DEI Commitment & Resources

The Communication Professionals’ Declaration for Diverse and Inclusive Impact


This declaration is by communication professionals who deliver oral, written, or visual messages that influence perception, build awareness, drive decisions, or affect behavior. Our collective commitment to intentionally supporting diversity and inclusion means acknowledging, seeking, learning about, celebrating, and embracing likenesses and differences, as well as building connections.

Current State

Communication professionals believe that we must proactively speak truth to power and take a “seat at the table.” Our world is shifting, and we must do more than just respond: We must be leaders. We find ourselves with an opportunity to chart the course in our profession and build a culture of respect for all people. This is the moment to proclaim that our field has the resources, networks, skills, and platforms—to make socially responsible decisions. After all, communicators are connectors. It is our responsibility to open dialogue, influence the groups we engage with, and nurture relationships with our members, peer organizations, company leaders, employees, and stakeholders.


We must improve how marginalized groups are represented in marketing, news, and media; we must amplify the voices of our members, peer organizations, company leaders, employees, and stakeholders who are members of marginalized groups; and we must provide content that celebrates and supports diversity throughout the communication field.


We will constantly ask: What specific impact can we have in our organizations and circles of influence? How can we improve diversity and inclusion of race, age, socioeconomic status, disability, neurodiversity, faith, skin color, gender, sexual orientation, gender identity or expression, or national origin? To lead change, we must be courageous and step outside of our comfort zones with intention, conviction, and action. We must use our skills, our compassion, our networks, and our resources to emphasize the decisions we recommend or make.


The communicator’s role will be a catalyst that encourages dialogue and demonstrates human dignity within our profession. We will: communicate hope, inspire, challenge outdated perceptions, and widen the door of opportunity and accessibility.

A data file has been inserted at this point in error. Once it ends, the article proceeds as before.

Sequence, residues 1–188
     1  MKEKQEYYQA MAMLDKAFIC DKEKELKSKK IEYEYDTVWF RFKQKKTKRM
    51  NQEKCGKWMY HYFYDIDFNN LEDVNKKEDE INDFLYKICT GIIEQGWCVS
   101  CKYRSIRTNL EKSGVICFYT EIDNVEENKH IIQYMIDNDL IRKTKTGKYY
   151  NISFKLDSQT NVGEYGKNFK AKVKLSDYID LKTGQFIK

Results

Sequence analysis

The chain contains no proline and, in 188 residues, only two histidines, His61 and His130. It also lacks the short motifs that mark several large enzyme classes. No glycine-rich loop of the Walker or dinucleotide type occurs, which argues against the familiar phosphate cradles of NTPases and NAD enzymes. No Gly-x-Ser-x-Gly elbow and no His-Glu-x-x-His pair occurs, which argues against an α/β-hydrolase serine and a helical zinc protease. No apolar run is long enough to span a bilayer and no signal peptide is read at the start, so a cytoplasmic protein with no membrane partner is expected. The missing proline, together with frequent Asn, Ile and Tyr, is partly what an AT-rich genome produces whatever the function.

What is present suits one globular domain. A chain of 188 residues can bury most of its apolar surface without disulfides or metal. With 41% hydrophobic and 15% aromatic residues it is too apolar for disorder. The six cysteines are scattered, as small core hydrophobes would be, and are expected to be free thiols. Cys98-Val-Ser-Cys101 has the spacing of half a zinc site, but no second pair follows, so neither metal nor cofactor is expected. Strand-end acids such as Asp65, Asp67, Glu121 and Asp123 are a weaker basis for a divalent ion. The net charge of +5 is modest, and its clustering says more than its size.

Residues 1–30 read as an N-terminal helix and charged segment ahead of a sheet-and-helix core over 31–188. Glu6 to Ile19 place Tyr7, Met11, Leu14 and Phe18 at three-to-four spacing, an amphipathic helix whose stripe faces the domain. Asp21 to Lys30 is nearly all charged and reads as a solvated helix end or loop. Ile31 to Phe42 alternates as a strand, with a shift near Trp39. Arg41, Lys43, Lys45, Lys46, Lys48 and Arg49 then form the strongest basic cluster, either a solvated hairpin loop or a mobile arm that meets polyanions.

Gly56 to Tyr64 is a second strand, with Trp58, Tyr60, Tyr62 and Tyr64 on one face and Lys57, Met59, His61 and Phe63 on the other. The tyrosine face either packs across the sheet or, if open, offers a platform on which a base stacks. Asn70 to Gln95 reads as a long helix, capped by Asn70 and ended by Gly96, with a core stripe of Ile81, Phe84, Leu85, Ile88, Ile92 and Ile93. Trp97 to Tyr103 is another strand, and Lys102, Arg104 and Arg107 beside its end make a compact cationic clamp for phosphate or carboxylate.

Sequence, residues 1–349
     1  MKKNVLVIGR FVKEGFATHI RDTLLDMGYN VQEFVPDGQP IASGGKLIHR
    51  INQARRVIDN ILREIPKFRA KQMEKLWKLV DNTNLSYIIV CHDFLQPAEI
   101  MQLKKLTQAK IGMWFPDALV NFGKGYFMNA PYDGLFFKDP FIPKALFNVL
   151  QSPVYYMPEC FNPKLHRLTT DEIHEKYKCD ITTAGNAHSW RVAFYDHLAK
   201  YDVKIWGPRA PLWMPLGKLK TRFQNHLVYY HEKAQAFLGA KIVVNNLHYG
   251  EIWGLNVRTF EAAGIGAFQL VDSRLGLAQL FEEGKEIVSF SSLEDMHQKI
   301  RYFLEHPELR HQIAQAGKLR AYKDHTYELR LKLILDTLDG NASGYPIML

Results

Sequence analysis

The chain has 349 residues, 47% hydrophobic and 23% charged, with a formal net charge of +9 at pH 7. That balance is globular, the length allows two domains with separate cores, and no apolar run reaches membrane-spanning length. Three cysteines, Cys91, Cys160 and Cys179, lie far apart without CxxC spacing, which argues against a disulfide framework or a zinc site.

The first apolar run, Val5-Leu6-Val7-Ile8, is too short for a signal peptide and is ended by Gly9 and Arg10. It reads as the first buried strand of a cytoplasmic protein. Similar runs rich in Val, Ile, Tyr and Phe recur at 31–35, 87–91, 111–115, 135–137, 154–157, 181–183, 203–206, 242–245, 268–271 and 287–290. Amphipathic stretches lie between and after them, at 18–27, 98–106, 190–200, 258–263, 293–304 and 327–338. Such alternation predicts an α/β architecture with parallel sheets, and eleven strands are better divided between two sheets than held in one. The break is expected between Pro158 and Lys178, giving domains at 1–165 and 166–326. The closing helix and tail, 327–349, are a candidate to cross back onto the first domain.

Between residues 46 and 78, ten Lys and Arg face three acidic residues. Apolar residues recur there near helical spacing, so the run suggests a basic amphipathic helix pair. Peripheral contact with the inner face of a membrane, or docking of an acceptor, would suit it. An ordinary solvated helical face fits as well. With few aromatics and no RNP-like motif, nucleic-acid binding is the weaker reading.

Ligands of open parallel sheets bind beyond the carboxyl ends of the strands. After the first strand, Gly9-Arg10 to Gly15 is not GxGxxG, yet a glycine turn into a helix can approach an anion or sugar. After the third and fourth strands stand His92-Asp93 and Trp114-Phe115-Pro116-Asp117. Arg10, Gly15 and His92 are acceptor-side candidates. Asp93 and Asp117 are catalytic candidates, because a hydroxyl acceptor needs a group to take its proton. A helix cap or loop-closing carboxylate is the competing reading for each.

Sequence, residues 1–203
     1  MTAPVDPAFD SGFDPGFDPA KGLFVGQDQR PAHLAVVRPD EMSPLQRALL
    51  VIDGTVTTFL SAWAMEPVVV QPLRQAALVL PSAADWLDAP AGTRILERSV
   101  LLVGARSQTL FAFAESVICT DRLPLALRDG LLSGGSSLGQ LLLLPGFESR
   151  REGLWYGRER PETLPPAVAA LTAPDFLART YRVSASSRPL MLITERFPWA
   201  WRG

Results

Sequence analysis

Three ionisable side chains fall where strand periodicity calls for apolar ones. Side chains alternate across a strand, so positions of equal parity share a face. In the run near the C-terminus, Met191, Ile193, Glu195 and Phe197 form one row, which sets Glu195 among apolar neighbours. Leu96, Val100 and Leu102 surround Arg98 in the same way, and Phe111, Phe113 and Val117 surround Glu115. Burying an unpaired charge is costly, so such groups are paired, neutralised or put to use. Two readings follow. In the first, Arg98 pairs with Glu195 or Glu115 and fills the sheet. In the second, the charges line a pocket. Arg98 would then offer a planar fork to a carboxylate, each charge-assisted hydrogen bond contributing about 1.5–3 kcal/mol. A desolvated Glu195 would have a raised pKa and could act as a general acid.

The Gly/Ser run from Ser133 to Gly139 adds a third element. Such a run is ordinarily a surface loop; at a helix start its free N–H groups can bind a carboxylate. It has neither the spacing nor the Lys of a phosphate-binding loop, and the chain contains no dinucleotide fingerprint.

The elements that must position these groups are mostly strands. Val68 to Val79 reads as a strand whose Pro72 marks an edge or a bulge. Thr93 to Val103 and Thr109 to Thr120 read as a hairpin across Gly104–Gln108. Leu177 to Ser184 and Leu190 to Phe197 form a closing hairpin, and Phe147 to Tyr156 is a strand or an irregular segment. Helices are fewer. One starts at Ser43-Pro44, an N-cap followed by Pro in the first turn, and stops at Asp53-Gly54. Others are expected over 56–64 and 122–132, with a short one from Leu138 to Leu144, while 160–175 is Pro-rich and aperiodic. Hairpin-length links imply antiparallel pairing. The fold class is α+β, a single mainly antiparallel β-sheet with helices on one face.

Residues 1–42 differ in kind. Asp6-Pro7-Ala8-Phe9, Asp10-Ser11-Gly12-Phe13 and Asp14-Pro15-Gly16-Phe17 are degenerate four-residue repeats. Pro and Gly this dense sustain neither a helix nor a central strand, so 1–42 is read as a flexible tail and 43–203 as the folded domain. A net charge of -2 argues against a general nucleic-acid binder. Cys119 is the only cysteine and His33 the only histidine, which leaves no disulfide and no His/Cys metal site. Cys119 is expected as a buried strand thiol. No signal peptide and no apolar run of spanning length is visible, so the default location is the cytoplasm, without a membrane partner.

We, the undersigned organizations, promise to:

View the Declaration form to sign

Join us

Make a commitment to intentionally support diversity and inclusion.  

Take action 

Learn more from our resources

Business communicators and our workplaces will benefit from championing diversity, equity, inclusion, accessibility, and belonging. Our collection of resources is not a comprehensive list. If you have any resources you'd like to recommend, please let us know.

The most important part of incorporating DEIAB into our everyday work is showing up with an open mind, an open heart, and a desire to listen and learn.

Resources for Understanding Diversity, Equity, Inclusion, Accessibility & Belonging


Some key resources: 

International Association for Business Communicators

The Centre for Global Inclusion
Serves as a resource for research and education for individuals and organizations in their quest to improve diversity and inclusion practices around the world.

Creative Equity Toolkit
has links to hundreds of practical resources, inspiring case studies and important research on increasing diversity in the arts.

Diversity Action Alliance
Bringing together the world’s top leaders in Public Relations and Communication in pursuit of an urgent and critically essential goal: to achieve continuous improvement for people of color as measured by recruitment, retention, and representation in management.

U.S. Equal Employment Opportunity Commission (EEOC)
The EEOC is responsible for enforcing federal laws that make it illegal to discriminate against a job applicant or an employee because of the person's race, color, religion, sex (including pregnancy, transgender status, and sexual orientation), national origin, age (40 or older), disability or genetic information.

Fairplay Talks
News stories and events across the wide diversity spectrum in both the public and private sectors worldwide.

Graduate School of Stanford Business DEI
We are committed to making positive change in the diversity, equity, and inclusion of our community, teaching, and research, now and into the future.

Harvard Implicit Association Test
Harvard University's Implicit Association Test (IAT) measures attitudes and beliefs that people may be unwilling or unable to report. The IAT may be especially interesting if it shows that you have an implicit attitude that you did not know about.